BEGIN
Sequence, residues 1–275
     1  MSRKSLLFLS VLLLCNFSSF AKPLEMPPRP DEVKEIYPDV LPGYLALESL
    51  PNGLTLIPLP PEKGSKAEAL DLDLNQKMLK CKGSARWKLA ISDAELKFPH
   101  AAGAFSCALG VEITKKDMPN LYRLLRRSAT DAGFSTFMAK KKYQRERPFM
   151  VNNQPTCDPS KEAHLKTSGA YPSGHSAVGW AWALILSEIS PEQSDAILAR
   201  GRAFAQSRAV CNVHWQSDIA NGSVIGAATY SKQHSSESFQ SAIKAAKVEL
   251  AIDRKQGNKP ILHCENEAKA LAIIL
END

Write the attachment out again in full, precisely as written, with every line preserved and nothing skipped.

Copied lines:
Sequence, residues 1–275
     1  MSRKSLLFLS VLLLCNFSSF AKPLEMPPRP DEVKEIYPDV LPGYLALESL
    51  PNGLTLIPLP PEKGSKAEAL DLDLNQKMLK CKGSARWKLA ISDAELKFPH
   101  AAGAFSCALG VEITKKDMPN LYRLLRRSAT DAGFSTFMAK KKYQRERPFM
   151  VNNQPTCDPS KEAHLKTSGA YPSGHSAVGW AWALILSEIS PEQSDAILAR
   201  GRAFAQSRAV CNVHWQSDIA NGSVIGAATY SKQHSSESFQ SAIKAAKVEL
   251  AIDRKQGNKP ILHCENEAKA LAIIL